Despite the dense population, the infill, the condo complexes and packed freeways, we still have something fresh, green and so special here in the San Gabriel Valley.
Perhaps you’ve been there to pick out a pumpkin or perhaps you’ve driven by and said to yourself, “That looks interesting. Some day I’m gonna stop in.”
Finally, I decided to make the effort and found something special. Here’s Cal Poly’s Farm Store
What’s so special, yoiu may ask? Well, drive over and see for yourself. Set to the west of Temple Ave on the Cal Poly campus, the store features produce grown onsite, available seasonally, and all organic. This is probably as close to the farm experience as we are likely to get, living as we are in a vast megapolis which everyday swallows up yet more former farmland or, in our particular case, orchards.
You are hardly likely to buy all your groceries there as available seasonally means just that. Right now, there’s hydroponically-grown lettuce, giant purple or green spring onions, oranges, lemons and amazingly sweet strawberries. Speaking of strawberries, you can pick your own if that is your desire. Later in the season, as tomatoes, green peppers, beans and all of summer’s crops ripen they, too, will be featured. Can we pick our own corn? Don’t know…
And, did I mention they have meat? By this time, after weeks on the New York Times bestseller list last year and the year before, the message of Michael Pollan’s The Omnivore’s Dilemma has begun to sink in. Our factory food production system is not working any more, if it ever did. Eric Schlosser’s famous Fast Food Nation also helped to point out the obvious. Our meat and poultry production methods are not healthy, not clean and not good for us. Pollan unforgettably describes how cattle, which are ruminants and biologically prepared to eat grass and only grass, are, instead, forced to eat corn for most of their lives. He describes a wonderful farm in Virginia where the livestock and poultry live their lives eating grass. People come from miles around to purchase their meat from the farmer because they know it is safe, it is healthy, entirely natural and the taste, according to Pollan, is much better than what we have come to call beef.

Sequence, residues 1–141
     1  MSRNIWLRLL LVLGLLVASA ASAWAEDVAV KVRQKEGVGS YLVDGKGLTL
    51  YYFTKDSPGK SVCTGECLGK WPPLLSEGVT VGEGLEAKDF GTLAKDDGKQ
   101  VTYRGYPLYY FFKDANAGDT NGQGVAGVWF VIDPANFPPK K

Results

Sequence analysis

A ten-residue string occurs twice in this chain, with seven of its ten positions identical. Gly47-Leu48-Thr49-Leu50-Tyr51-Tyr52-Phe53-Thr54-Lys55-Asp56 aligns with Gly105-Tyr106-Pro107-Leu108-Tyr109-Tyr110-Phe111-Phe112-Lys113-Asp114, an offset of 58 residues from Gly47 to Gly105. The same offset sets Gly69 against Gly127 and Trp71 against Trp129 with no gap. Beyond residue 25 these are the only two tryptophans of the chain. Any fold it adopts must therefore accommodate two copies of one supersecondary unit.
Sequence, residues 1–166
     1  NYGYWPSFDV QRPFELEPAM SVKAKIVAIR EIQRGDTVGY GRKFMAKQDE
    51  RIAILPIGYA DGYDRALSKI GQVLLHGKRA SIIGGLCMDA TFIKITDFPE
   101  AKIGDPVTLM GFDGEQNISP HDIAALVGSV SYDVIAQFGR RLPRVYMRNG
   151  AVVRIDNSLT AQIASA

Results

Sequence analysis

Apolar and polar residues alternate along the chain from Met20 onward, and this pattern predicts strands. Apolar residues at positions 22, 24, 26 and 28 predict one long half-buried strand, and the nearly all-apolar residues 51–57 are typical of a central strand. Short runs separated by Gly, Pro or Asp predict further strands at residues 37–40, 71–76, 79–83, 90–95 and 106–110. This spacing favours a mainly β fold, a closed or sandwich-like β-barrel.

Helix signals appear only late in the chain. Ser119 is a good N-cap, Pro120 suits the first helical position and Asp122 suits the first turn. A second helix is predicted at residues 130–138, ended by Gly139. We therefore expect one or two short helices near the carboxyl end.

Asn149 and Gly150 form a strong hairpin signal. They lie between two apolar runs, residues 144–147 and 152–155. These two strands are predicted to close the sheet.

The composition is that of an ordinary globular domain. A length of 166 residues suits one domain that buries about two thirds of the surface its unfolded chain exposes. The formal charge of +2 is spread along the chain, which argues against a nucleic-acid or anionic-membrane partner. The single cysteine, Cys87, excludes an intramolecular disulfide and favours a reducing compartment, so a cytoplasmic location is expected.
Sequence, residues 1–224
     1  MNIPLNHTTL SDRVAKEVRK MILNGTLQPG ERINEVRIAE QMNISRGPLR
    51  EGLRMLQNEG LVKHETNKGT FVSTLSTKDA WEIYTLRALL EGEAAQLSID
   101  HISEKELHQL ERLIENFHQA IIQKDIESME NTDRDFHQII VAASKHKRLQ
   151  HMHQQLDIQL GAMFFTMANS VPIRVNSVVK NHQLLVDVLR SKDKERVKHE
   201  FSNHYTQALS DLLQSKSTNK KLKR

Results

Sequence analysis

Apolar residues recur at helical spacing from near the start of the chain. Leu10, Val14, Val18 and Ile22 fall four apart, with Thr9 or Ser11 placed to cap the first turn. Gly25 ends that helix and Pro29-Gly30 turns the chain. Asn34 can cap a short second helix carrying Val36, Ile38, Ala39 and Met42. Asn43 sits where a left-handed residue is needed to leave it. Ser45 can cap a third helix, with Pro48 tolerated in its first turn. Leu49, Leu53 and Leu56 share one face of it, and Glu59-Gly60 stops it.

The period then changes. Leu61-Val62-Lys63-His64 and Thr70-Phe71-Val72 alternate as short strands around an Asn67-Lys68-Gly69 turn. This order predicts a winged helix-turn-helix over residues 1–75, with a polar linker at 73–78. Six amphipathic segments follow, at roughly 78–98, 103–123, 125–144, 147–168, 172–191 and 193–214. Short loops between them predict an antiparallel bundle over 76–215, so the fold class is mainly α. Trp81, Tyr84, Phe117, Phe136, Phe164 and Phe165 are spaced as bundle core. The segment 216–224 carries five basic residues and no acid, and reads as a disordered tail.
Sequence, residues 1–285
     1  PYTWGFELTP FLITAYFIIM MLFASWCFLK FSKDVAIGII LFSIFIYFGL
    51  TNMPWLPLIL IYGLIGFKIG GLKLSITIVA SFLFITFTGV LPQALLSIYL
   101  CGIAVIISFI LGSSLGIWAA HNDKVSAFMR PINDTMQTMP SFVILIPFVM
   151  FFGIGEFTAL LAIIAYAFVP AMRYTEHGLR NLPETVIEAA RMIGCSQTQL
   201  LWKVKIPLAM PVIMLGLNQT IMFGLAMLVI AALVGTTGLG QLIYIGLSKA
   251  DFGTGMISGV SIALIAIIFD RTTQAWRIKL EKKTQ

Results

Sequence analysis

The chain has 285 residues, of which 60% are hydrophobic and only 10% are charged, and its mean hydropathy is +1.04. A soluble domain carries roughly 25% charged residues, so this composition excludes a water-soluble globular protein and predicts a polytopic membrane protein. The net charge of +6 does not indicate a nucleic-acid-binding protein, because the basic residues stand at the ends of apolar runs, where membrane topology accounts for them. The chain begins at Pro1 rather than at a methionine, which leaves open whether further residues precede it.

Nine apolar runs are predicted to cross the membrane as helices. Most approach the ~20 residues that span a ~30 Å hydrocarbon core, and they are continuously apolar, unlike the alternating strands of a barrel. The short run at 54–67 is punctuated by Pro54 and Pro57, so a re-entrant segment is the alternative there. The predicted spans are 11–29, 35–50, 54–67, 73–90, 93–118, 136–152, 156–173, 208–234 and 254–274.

Where to get such meat around here? Try finding it. For a short while, Trader Joe’s had a few cuts of grass-fed beef, but, as so frequently happens there, has stopped stocking it. Whole Foods offers some meat and produce it calls “locally grown.” That’s great if you live in Pasadena which now has two stores.
Usually the suburbs must settle for less, but now we have a great source for meat similar to what Pollan described right here. Cal Poly has a meat cutting program, so students slaughter and butcher livestock-cattle, pigs, sheep, chickens-grown on the campus or bought from organic farms. Cal Poly sells this meat at the Farm Store. People can even order custom cuts or save money by ordering entire carcasses, all frozen, of course. From what I was able to gather, this meat is not entirely grass-fed, but is rather “grass-fed and grain-finished” in the parlance of the trade.
The Farm Store is not perfect, far from it. The day I visited, May 1, the place was closed, a couple of handwritten notes fluttering in the breeze. No mention on the website. Hey, Farm Store students, that’s why we have websites. Apparently, it had also been closed April 31st, again with no notice. It’s hard to get information about the produce, the meat or even the plants which are also offered there. But, if you’re in the vicinity, drop in and look around.
Anybody know anywhere else to buy onsite-grown produce or grass-fed meat?